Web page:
A web browser normally performs many requests to get a single webpage. The web server first delivers the HTML file for the page. From this the web browser makes a list of the resources that are embedded in the page and which it needs to request as well. Once this list is complete, the web browser issues more requests, one for each resource of the page it needs (images, inline midi, etc.). If, for example, you direct your browser to get www.ibm.com/uk/, the browser will assume the prefix ‘http://’, connect to port 80 of the server that has the Domain Name Service (DNS) name: www.ibm.com, and issue the command: GET /UK HTTP/1.0. By convention, a path name that ends in a directory name rather than a simple file name refers to a file in that directory called index.html. The web server thus sends the resource file called index.html and the browser starts rendering index.html as it comes across, and starts building an index of any embedded files it needs. The browser then issues GET commands for each other file it needs and renders them into the page as it receives them.
In HTTP version 1.0, the client requests one resource per HTTP request. If a web page contains a plurality of images, say eight images, then the browser will issue a total of nine requests to obtain the entire contents of the page, that is the HTML plus the images. Typically, browsers make several requests concurrently to reduce the overall delay to the user. Later versions of HTTP, such as HTTP v 1.1, use persistent connections that remain open over a series of request-reply exchanges.
The speed of download of a web page by a web browser is dependent, amongst other factors, upon the load on the web server. This load can vary greatly and depends in turn on factors such as the demand at any one time for the pages that it hosts. Certain types of web sites are particularly affected by peaks in demand, such as those that display news items. Such a web site may normally have a moderate numbers of users, but when a new story breaks, or a particular story hosted on the web server is included as a link on a major news site, the web server may suddenly experience a load potentially hundreds of times what it is used to. This interest is often directed at a specific item, such as a block of text or image on the page, but every page download request will result in a number of additional features that make up the web page being downloaded, in addition to those specific items. In the normal course of operation of the web server a website provider/developer would like these additional items to be seen by users, but in a critical load situation these take up extra bandwidth. This can lead to many users not receiving the part of the page that they wish to look at, but receiving other parts of the page instead; and others receiving error messages that the server is currently unavailable.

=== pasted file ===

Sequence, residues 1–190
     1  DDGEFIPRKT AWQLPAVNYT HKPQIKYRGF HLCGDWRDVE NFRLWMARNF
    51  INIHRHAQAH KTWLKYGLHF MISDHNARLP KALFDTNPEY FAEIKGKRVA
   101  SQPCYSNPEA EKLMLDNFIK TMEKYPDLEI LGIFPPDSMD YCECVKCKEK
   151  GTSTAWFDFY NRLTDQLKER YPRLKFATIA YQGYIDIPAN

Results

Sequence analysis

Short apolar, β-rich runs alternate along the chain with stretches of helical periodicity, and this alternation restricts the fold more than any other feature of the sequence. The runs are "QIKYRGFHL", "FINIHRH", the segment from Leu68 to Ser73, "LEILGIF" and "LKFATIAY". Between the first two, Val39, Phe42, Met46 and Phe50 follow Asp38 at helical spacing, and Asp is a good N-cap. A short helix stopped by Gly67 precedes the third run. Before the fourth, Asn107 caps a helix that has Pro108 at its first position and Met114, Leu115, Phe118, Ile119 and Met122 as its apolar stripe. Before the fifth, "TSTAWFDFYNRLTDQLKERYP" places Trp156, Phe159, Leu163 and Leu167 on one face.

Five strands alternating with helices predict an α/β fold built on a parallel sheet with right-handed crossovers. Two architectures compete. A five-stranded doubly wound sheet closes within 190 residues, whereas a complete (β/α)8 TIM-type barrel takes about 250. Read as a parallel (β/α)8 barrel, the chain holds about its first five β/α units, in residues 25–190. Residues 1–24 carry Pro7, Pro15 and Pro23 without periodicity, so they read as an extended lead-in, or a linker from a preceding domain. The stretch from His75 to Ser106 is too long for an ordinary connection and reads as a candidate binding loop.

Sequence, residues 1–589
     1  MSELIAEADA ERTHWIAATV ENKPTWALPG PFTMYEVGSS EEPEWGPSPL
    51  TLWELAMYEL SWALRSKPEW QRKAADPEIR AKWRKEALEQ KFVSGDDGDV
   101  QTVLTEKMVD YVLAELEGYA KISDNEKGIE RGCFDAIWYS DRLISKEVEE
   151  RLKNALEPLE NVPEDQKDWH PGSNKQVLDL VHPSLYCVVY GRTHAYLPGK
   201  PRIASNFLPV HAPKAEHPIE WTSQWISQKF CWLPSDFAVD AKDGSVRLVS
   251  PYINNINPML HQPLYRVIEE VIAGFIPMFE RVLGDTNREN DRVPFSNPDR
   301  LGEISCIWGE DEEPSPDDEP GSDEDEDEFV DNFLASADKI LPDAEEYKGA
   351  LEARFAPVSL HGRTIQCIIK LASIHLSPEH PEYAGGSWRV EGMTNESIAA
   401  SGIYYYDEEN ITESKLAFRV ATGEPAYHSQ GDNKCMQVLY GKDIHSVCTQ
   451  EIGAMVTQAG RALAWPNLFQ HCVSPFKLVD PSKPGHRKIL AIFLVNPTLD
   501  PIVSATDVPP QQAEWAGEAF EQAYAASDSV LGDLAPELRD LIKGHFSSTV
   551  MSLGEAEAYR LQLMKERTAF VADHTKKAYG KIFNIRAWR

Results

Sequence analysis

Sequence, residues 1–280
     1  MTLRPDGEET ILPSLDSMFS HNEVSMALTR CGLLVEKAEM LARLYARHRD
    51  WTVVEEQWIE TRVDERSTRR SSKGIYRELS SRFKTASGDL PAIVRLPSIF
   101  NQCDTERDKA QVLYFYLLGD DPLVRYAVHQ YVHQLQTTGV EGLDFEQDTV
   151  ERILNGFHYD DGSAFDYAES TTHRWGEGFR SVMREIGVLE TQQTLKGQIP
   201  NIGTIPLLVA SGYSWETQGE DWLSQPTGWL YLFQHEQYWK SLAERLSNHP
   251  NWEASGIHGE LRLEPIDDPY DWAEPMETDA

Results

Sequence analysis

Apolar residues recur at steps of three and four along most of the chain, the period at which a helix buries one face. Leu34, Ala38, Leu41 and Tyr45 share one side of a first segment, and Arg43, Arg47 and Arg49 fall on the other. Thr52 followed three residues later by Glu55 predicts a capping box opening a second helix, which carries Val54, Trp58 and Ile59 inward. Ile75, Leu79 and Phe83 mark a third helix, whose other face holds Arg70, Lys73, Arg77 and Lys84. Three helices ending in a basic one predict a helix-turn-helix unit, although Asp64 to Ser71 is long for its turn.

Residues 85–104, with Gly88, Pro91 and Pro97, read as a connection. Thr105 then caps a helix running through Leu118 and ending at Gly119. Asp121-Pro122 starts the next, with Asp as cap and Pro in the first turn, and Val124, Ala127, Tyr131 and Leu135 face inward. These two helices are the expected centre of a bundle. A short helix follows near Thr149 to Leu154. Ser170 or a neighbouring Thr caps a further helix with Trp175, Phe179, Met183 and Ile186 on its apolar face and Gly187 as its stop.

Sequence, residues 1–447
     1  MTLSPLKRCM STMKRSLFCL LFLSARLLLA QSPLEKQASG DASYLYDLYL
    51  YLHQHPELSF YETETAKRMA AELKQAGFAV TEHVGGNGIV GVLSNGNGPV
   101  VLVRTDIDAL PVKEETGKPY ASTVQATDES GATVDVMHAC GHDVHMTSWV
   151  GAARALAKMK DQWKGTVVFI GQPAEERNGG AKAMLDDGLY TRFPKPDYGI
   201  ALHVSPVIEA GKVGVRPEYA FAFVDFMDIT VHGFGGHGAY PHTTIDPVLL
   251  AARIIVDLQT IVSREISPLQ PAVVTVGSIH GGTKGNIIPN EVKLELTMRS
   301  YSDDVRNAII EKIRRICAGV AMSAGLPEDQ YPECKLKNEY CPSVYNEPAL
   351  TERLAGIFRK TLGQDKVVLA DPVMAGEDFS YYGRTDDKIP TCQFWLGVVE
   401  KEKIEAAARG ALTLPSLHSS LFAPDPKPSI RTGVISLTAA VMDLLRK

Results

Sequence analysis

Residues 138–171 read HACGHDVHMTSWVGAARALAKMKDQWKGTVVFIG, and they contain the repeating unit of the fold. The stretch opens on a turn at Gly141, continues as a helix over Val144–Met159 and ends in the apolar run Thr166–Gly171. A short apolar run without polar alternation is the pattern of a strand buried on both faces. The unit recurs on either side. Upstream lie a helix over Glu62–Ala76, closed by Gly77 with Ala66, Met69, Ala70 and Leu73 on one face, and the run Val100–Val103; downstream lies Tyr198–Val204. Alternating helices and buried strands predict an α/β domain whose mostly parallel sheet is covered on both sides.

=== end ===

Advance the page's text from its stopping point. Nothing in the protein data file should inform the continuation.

Another factor affecting load on a web server is the time of day. Typically 9am Monday morning will see considerable load on a company's intranet server compared to the average over a given week. During such a time of load it is unhelpful and frustrating for employees to be waiting long for the essential part of a page to load, whilst, for example, old items are downloaded.
As more and more people start interacting, researching and shopping on-line the problem of peak loads and effective content delivery will become more pronounced. The present invention aims to address these problems.
A first aspect of the present invention provides a method for controlling the processing of requests for web page resources from a web server. The method comprises monitoring a run level of the web server; receiving requests for one or more web page resources; determining a priority of received requests based on a run level value associated with requested resources and the run level of the web server; and processing the requests by the web server according to the determined priority.
This means that, in dependence on the current load on the web server, requests for resources denoted as being of low priority can be given a low processing priority, with processing capability being instead focussed on requests for higher priority web resources.
A second aspect of the invention provides a system for controlling the processing of requests for web page resources from a web server. The system comprises a file system and monitoring, determining and processing components. The monitoring component monitors a run level of the web server. The file system includes a plurality of web page resources and run level values associated with the web page resources. The receiving component receives requests for one or more web page resources; the determining component determines a priority of requests received by the receiving component; and the processing component processes the received requests according to the determined priority.
Preferred embodiments enable a website developer to control the sequence of web content delivery by a web server, by allocating a priority to different resources of a web page. This allocation may be done by the developer, or automatically according to a set of rules that gives a certain importance to different types/sizes of resources. The web server can control the way in which a web page is viewed, and supply critical content with a higher priority at times when there is a peak in demand.